Housing affordability crisis continues to grow in Queenstown Lakes
The housing affordability crisis is continuing to grow in Queenstown Lakes, even as property values decline across the rest of the country.
The average home value in Queenstown Lakes now sits at $1.7 million and rentals are rising with a three-bedroom home now a minimum of $800 per week.
The Queenstown Lakes Community Housing Trust's waiting list has now grown to about 820 households - one in 16 of all households in the district.
Trust chief executive Julie Scott said a proliferation of homes on Airbnb was adding to the crisis.
"Some people do use their homes a lot as holiday homes and there's no way they would ever rent it out on the open market, but there's others out there who just have their homes on Airbnb 12 months a year and we would love those homes to come back into the rental market. So we would love to have some incentives to make people put them into long-term rentals versus having them as Airbnbs."
Scott was blunt in her assessment of the housing market in the district.
"I think the market is failing the people of Queenstown Lakes - absolutely."
At $800 per week for the most basic of rental homes, rents were financially crippling for many families.
"There's not much left in there for families, is there? For food, for all the other stuff the kids need, power, the works - there's not much left," Scott said.
'It's really hard', says mother forced to live apart from son
Among the more than 800 households now on the trust's waiting list was Barbie Hillcoat.
She moved to New Zealand, along with her son, from Argentina in 2020 to find a better life.
They had been living on the West Coast, but at the start of this year the teenage boy moved in with a family friend in Queenstown to go to high school, with his mother to join him once her residency was granted in July.
Hillcoat had also since moved to Queenstown, but they lived apart because finding a place for them both was impossible, she said.
"I've been going to every single viewing. You go to see a house and there's like 20 different people watching the same house and then you find the same group of people at the next viewing. It's horrible."
Her income was not enough even to cover the rentals which were available.
Recently she had seen a basic three-bedroom home listed for $1200 per week.
She would consider leaving Queenstown to find something more affordable, but would likely take a pay cut to do so and her son was now settled in Queenstown.
After the shock of moving halfway around the world, she did not want to have to move him again.
But the housing situation meant for months she had been unable to be there for him in the way any mother would want.
"It's really hard," Hillcoat said.
"It's frustrating and it makes me really sad. Like my son has been sick with fever and I couldn't be with him because I live in another house. These kind of things that a normal mother can do - I cannot do it."
Queenstown lack of housing affordability 'structural problem'
Queenstown Lakes mayor Glyn Lewers agreed the number of potential rentals listed as Airbnb and short-term lets was a problem.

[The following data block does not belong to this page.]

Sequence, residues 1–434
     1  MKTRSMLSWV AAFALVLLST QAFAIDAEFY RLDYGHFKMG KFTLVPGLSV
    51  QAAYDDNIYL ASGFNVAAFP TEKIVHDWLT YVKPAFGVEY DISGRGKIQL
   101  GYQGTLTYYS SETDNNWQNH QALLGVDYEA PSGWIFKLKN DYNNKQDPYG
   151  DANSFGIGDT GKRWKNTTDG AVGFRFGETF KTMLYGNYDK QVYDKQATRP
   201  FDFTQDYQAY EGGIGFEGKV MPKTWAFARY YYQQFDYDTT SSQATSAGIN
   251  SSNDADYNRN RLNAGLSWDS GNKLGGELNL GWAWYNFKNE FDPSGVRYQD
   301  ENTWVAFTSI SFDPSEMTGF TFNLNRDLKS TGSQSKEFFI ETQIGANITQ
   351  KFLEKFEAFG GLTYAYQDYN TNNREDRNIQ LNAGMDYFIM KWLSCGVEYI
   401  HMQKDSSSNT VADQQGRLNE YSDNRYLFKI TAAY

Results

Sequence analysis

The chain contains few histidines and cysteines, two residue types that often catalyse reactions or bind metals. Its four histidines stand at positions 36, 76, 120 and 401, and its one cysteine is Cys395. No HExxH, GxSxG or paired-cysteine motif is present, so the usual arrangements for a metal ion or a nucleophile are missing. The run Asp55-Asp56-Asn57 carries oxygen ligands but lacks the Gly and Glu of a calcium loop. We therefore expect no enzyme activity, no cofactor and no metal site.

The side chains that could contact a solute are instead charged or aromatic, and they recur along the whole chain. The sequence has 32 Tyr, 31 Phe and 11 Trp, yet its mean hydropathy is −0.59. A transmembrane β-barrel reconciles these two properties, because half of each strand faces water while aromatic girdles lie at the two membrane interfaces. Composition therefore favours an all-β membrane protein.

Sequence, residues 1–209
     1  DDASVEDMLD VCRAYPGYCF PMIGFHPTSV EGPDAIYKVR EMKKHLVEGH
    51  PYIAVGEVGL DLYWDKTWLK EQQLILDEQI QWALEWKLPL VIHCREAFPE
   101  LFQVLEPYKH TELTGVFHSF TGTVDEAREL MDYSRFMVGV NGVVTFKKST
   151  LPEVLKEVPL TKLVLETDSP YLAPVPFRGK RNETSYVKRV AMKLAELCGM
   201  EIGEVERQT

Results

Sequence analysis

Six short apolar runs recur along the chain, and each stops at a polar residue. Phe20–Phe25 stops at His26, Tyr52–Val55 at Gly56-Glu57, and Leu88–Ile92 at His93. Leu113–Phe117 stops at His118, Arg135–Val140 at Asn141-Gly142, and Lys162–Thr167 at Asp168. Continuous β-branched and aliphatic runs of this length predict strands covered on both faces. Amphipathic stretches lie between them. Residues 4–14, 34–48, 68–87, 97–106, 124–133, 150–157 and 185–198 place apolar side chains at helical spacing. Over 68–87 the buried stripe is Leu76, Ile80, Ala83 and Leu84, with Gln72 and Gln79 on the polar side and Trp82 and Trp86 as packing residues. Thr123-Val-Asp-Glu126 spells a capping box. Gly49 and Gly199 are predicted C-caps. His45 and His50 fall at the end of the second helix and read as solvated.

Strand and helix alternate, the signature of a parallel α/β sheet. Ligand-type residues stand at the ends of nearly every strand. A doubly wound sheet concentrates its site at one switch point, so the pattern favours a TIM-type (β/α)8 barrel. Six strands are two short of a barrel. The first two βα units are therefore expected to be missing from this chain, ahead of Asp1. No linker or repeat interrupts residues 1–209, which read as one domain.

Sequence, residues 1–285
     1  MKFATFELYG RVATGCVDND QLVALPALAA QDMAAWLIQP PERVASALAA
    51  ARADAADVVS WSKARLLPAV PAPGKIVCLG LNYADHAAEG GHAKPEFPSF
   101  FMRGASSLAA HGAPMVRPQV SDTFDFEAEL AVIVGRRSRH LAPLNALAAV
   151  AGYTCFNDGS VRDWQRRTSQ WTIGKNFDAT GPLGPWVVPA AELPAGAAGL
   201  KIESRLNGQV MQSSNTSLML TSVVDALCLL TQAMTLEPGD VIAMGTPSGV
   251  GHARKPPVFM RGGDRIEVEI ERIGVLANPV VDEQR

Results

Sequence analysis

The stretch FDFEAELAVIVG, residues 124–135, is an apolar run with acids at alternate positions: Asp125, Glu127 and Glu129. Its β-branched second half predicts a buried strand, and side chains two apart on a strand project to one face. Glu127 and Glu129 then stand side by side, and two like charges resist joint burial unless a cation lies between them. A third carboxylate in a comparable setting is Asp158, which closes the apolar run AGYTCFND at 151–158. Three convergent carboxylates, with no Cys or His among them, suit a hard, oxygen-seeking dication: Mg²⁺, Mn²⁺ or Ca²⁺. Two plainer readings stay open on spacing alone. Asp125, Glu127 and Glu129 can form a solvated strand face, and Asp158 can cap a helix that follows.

He believed the government needed to do more to regulate short-term letting.
Airbnb would not provide data on how many homes were listed on their site.
But data from AirDNA showed there were about 1500 entire homes currently listed for short-term letting in Queenstown Lakes and with an average daily rate of $420, it was easy to see why owners were opting for Airbnb over long-term rental agreements.
Lewers said housing affordability in the district was the worst in the country with homes costing about 17 times the median wage.
"There's a very good argument that it is unsustainable, considering three to five times is what's considered affordable. This is a structural issue that government needs to have a look at and we're in discussions with them to figure out something we can do together," he said.
Salvation Army Queenstown community ministries director Andrew Wilson said outdated government subsidies were piling financial pressure on families.
Hundreds of people were missing out on hundreds of dollars of Accommodation Supplement entitlements, as boundaries which determined entitlement levels had not been updated to reflect current residential areas.
One family, who were living in a backpackers, had to take a funding cut to secure a home, Wilson said.
"They were living essentially in a backpackers. They found a house that came on to the market for essentially the same cost - it was an extra $20 or $30 a week for them. But they were caught out because it was in this area four place, so they lost their accommodation supplement completely."
A spokesperson for Social Development Minister Carmel Sepuloni said the government was reviewing the Accommodation Supplement as part of a wider review of Working for Families.
That review would not be completed until next year.
In a statement Airbnb New Zealand and Australia country manager Susan Wheeldon said its community provided more choice of accommodation for consumers.
"Queenstown is a destination that has historically had a high proportion of holiday rentals and it is a world-renowned tourism destination with businesses, tourism employees and short term rental accommodation a crucial part of the visitor economy landscape.
"Airbnb has a passionate community of Hosts throughout Queenstown for whom sharing their home is vital to help them meet the rising cost of living.
"Many of our Host community are everyday Kiwis looking to supplement their income, with a number of Hosts hit hard by the pandemic and related border closures and increasing cost of living pressures."